More than any other real-time strategy game of recent times, it's a game where choosing when to fight becomes the key issue. Fleets take a while to get where they're going. In terms of effective fleets, you can only be in so many places at once. The AI is especially evasive, refusing to fight and commit its resources unless it's convinced it's a battle worth fighting. Where to strike, how to strike, how long to push - these are the questions it asks, married to everything you'd be worried about in a normal RTS game, like the make-up of your fleet, and which Capital ships you've purchased (the latter are basically analagous to heroes, gaining XP and abilities as they continue). It's compulsive, massive and a genuine challenge, and essential for anyone with an interest in progressive strategy games.
Reservations? The main one is the complete absence of a campaign mode - despite the ripe background material inherent in the game world, it's not actually presented to you in a string of scenarios. This isn't a problem for me, personally, but others will want a structured way into the game's intricacies. As it is, the extra effort Ironclad has put into the skirmish mode, including the random maps, makes it clear that its peers are more the Civilizations and GalCivs of this world than Company of Heroes. Hell, if you're playing on one of the huge maps, I've played RTS campaigns that could be over before a single map is fought to victory, at least before you get the hang of it.
Which is my second main reservation, and a somewhat weightier one. This lengthy game works perfectly offline, but for multiplayer it's hard to find people who are willing to play a game without dropping out. A save option - which also auto-saves - means that if you want to re-arrange a continuance you can, but this is clearly more useful for friends waging solar war rather than random people on the electric internet. This is basic logistics of human time, and not really fair to critique a game over, but you should be aware of it. There's another side effect of the game's sheer length, too. Almost every RTS has as stretch where it becomes obvious who's dominant and then proceeds to crush the opposition in a tiresome slog to victory. The game's won, and you're just sweeping up. The difference is that since Sins takes longer, the sweeping-up period is proportionally longer. In multiplayer, this is actually less of a problem - players realise when they're a smear on a wall, but the AI that fights to the last can be a bit more tiresome.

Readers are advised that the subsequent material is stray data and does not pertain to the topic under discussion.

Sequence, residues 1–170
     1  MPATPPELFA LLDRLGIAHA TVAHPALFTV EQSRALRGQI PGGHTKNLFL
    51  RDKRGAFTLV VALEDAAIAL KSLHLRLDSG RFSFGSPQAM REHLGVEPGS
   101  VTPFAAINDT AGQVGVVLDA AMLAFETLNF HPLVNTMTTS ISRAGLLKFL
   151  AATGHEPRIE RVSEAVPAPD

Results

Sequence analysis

It's worth noting though that this will be changed in a future patch. As with Stardock's GalCiv 2, Ironclad is impressively responsive to the desires of the fan-base. Since the release, it's already tweaked the game to make the Siege-Frigate-rush less tenable, reducing Pirate-raid frequency as well as adding the ability to speed up and slow down the game through hotkeys in single-player, so you can speed past periods that you consider too sedate.
Which is nice to have but, ultimately, a minor issue. I'd have recommended the game highly with no changes from the release code whatsoever. Yes, it's a little difficult to get into, but the only really bewildering thing about Sins of the Solar Empire is why it hasn't got a European retail distributor. It's well worth the digital download. It's one of those rare strategy games that actually has its own view of how the genre should work, which is entirely separate to what the rest of the industry is considering. You can file this next to the Total War games, the Ground Control/World in Conflict lineage, Defcon, and all those other glorious individualists who are implicitly against the tank-rush rush. Not that it's anything like them which, surely, has to be the point?
Space, famously, is a really big place. Sins of the Solar Empire lets you make it yours.